Live Right, Live Well

Does Money Buy Happiness?

The link between money and happiness may surprise you. Learn what researchers say it takes to feel f...

As the Beatles' song goes, money can’t buy you love -- but does money buy happiness? The answer: Maybe. Recently, researchers from Princeton University surveyed 450,000 people about their household income, everyday emotional states, and overall feelings about their life and well-being. What they found is that happiness increases along with annual household income up to about $75,000, but beyond that, earning more money doesn't affect your emotional well-being.

“Low income exacerbates the emotional pain associated with such misfortunes as divorce, ill health and being alone,” the researchers note, but earning more than $75,000 a year doesn’t necessarily make people like their lives better or make them feel better about themselves on a daily basis.

The good news: You can take steps to increase your happiness, no matter how much money you make. Here’s how:

1. Spend your money on happy experiences rather than material possessions. Researchers from San Francisco State University found that spending money on enjoyable experiences (like a beach vacation) can make you happier than buying material possessions (like an expensive watch). “People report a sense of feeling invigorated or inspired when they spend their money on life experiences because experiences have a way of creating an emotional reserve or ‘memory capital’,” explains study coauthor Ryan Howell, who has a doctorate in psychology and is an assistant professor of psychology at San Francisco State. “After an experience, people are able to reflect on their experience and glean emotional benefits” that last long after it has ended.

2. Cultivate a sense of meaning and purpose. Rather than looking to your paycheck for personal validation, ask yourself: What would make my life feel meaningful? What do I really want? What matters most to me? Then, set goals to help you realize this vision. For example, if you realize that helping other people gives you a sense of purpose, look for new volunteer opportunities. On the other hand, if creativity matters most to you, it’s time to carve out opportunities to write, draw, paint or otherwise engage in an artistic pursuit.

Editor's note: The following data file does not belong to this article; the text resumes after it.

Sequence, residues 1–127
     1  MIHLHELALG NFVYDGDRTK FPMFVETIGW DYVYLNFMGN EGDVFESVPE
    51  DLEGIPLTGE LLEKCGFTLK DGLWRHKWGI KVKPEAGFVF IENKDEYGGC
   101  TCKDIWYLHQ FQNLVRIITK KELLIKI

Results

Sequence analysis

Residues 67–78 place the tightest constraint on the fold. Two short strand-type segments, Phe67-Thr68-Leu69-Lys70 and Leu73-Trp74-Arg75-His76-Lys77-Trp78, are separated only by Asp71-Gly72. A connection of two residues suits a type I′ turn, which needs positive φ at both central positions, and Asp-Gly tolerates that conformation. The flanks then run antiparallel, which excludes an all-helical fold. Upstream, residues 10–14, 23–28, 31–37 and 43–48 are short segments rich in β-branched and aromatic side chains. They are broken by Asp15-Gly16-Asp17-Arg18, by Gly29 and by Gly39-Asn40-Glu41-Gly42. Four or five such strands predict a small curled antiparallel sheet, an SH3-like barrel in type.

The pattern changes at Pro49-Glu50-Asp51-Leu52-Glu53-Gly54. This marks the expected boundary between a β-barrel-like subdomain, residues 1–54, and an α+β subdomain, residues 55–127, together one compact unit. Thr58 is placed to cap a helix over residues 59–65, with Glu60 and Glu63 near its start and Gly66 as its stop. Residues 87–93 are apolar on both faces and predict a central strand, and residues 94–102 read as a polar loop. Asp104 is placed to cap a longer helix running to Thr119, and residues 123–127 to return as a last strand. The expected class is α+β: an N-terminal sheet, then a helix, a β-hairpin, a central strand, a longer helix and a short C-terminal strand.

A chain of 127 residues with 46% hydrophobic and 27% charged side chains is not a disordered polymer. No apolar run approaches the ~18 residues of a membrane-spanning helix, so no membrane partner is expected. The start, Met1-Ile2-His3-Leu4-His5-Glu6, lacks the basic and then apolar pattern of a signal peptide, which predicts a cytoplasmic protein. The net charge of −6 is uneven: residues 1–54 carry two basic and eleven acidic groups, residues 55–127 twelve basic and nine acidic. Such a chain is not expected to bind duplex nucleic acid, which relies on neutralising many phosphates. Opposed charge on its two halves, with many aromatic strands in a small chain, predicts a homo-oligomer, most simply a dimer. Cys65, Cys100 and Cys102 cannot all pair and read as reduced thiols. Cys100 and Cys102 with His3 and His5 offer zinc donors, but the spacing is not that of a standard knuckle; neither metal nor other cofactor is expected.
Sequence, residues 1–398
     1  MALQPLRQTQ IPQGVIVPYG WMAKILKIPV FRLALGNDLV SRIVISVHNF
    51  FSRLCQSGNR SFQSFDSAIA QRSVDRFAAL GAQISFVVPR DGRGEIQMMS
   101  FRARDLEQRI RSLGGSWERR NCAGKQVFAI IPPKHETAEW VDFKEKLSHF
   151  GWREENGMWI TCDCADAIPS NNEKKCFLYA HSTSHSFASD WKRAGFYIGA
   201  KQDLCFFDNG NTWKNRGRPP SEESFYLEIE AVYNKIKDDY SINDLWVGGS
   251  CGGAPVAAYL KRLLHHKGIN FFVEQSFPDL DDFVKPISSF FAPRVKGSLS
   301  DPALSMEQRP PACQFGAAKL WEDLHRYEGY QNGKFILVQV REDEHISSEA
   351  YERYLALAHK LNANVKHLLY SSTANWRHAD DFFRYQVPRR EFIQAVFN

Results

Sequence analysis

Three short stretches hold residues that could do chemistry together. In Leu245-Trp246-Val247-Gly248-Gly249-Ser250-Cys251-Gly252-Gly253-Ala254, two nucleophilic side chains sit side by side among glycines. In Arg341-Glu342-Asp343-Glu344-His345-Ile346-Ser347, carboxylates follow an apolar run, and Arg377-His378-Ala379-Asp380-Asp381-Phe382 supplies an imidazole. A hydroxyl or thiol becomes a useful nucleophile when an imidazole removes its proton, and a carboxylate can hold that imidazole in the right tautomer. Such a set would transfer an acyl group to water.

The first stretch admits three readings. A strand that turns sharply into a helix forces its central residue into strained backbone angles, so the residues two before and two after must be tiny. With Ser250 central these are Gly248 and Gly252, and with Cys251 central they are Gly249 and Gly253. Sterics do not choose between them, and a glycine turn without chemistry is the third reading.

3. Spend time with people who make you feel good. Whether you're doing something that costs money (like going out for lunch or a movie) or an activity that’s free (like taking a walk or a bike ride), make an effort to do it with positive and supportive people. Not only will spending time with friends make you happier, but “having a positive social network gives you a sense of belonging and makes you feel like you’re contributing to someone else’s life,” says Maryann Troiani, who has a doctorate in clinical psychology and is the coauthor of Spontaneous Optimism: Proven Strategies for Health, Prosperity and Happiness. This, in turn, can provide a buffer from stress and make you feel happier.

4. Develop a positive outlook. Whether you're struggling to get by financially or you’re comfortably well off, consciously focusing on what’s good in your life can engender a sense of optimism and a can-do attitude that will help you handle challenges more easily, regardless of how much money you have, Troiani says. To do this, use upbeat words in place of upsetting words -- by describing a challenge as “an opportunity to make a positive change” rather than “a problem.” Also, consider what you’re grateful for, expect things to get better (not worse), and try to embrace change instead of fearing it. When you think positively, happiness follows.



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